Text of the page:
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Travel Companions: Steven Soderbergh on Cruise-Ship Shooting, Working with Deborah Eisenberg and Meryl Streep, and Let Them All Talk

Meryl Streep and Lucas Hedges in Let Them All Talk

In August 2019, when Steven Soderbergh shot Let Them All Talk, COVID-19 was not on his mind, except to the degree that his research on Contagion (2011) had convinced him that a pandemic similar to the one depicted in the film was inevitable. And yet, one of the most compelling aspects of the workaholic director’s latest feature (streaming this Fall on HBO Max) is that the eight-day Atlantic crossing on the Queen Mary 2, during which most of the movie is set, now can be read as a metaphor for the necessarily transformational journey from before to after COVID. In the case of the film, a comedy more sweet than bitter, the cycle of some things ending and others beginning is hopeful but never sentimental.

In brief, the story centers on Alice, a celebrated writer played by Meryl Streep, who wants to travel to Britain to accept an award. Because she “cannot fly” (this is a film that rewards the careful listener), her young editor Karen (Gemma Chan) offers her passage on the Queen Mary 2, with accommodations for two old college friends Roberta and Susan (played, respectively, by Candice Bergen and Dianne Wiest) and her adored young nephew Tyler (Lucas Hedges.) Secretly on the ship as well is Karen, whose goal is finding out what Alice is currently working on. The two old college friends haven’t seen Alice—or each other—in 30 years and differ in their memories of the past and their speculations about why they’ve been invited. 

Putting aside the narrative, which is witty and exceptionally generous in its depiction of characters and their interactions, Let Them All Talk is astonishing in terms of the process of its making. It is a highly collaborative work. One of the most brilliant contemporary American short story writers, Deborah Eisenberg, had never written a screenplay when she was asked by Soderbergh to try her hand at one. Together, they came up with a combination of prose, a few conventionally scripted scenes and backstories that were given to the actors. The structure was tight because Eisenberg is a genius at story structure, but the dialogue was largely improvised by the actors, who were given a few topics they had to cover in each scene and performed with wit, economy and flights of sudden inspiration. Soderbergh, as is his wont, directed, photographed and edited, but added to that habitual high-wire act the task of shooting a film that takes place almost entirely on an eight-day crossing during that same eight-day crossing. There were no rehearsals, many scenes were covered in a single take and, obviously, there was no possibility of reshoots on the ship, although Soderbergh said he reshot some of the framing story, which takes place on dry land. It should be mentioned that the movie is gorgeous to look at, thanks to the new generation of RED cameras and Soderbergh’s ever improving cinematographer chops.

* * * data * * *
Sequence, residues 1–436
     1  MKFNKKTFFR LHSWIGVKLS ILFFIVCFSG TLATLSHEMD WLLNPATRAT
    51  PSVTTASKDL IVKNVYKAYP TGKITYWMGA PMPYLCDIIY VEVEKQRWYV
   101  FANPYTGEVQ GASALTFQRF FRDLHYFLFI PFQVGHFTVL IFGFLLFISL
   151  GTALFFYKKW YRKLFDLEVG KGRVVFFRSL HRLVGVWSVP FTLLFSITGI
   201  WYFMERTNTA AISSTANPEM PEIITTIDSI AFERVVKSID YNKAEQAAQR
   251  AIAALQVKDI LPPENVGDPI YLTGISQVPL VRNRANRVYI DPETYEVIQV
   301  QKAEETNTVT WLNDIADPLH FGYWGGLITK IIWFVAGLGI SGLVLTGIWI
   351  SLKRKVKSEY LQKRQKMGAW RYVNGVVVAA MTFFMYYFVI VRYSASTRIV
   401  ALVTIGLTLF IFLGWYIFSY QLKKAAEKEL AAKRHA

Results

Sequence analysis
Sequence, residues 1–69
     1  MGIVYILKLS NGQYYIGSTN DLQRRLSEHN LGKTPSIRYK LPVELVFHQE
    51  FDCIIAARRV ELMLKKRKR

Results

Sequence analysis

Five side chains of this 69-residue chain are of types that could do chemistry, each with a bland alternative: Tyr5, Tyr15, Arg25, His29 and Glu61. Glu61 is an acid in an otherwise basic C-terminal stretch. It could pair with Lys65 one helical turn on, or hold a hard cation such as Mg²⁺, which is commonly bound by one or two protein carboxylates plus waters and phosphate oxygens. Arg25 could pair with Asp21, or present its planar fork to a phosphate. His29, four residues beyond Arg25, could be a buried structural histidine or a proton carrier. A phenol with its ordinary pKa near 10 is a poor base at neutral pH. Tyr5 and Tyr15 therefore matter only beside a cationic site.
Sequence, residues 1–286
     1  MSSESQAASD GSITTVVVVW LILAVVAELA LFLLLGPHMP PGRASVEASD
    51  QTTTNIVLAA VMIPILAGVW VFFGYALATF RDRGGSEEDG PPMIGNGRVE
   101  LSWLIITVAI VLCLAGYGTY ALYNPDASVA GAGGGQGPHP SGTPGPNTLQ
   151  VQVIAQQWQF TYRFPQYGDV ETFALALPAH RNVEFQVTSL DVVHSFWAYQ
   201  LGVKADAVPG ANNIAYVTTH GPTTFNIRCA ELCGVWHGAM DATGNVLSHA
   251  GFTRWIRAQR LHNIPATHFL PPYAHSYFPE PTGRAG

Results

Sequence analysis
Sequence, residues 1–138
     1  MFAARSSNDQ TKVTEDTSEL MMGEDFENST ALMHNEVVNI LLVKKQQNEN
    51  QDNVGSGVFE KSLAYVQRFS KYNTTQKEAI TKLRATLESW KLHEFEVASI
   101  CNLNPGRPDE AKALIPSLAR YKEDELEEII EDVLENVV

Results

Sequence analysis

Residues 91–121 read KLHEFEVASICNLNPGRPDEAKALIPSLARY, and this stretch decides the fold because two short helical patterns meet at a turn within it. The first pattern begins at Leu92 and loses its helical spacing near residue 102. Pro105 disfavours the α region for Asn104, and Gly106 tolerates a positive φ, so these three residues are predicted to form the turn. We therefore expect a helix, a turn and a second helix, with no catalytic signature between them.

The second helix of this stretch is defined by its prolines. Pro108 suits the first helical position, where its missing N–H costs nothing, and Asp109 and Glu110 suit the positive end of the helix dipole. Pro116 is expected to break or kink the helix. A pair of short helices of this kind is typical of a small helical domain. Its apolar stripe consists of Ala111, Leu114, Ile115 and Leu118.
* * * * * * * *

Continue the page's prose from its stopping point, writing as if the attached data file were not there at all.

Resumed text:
Filmmaker: Before we get to Let Them All Talk, could you talk a bit about how Kill Switch, the movie you’re shooting now, is going in relation to the new COVID-19 protocols put together by the DGA and the other guilds and the unions?

Soderbergh: We discovered that there was another film called Kill Switch, so it’s become No Sudden Move. I feel like Jeff Daniels in The Comey Rule, talking about the protocols because I was involved in putting them together, but I think it’s working. People are just so happy and excited to get back to work, and everyone is being careful and following the rules. The thing that can’t be controlled is what people do when they are off set, and if there would be a problem that’s how it would happen. But it adds about 20 percent to the budget, and I don’t know how smaller films will be able to deal with that.

Filmmaker: I also want to ask about your reaction to all the attention that’s been paid to Contagion as a prophetic film.

Soderbergh: We knew then [in 2011] that the question wasn’t if it would happen but when. We were pretty sure that there would be a wet market involved and probably bats. And that when it started, it would spread rapidly. Waiting 10 weeks to do anything would be a disaster. What we didn’t foresee was the fringe. We had the Jude Law character, but we never thought that the fringe element would turn into 35 percent of the country.

Filmmaker: One of the most interesting things about the film is that it lets us see in retrospect how much irrationality and opposition to science has grown in just 10 years. But let’s focus on Let Them All Talk. It was shot over a year ago. I noticed that you added a subtitle, A.K.A. The Fall of 2019, in which “fall” has a double meaning. I also read somewhere that you said that it’s now a period film.

Soderbergh: I don’t know what Cunard has in mind, but I think that kind of travel is over.

Filmmaker: How did the project begin?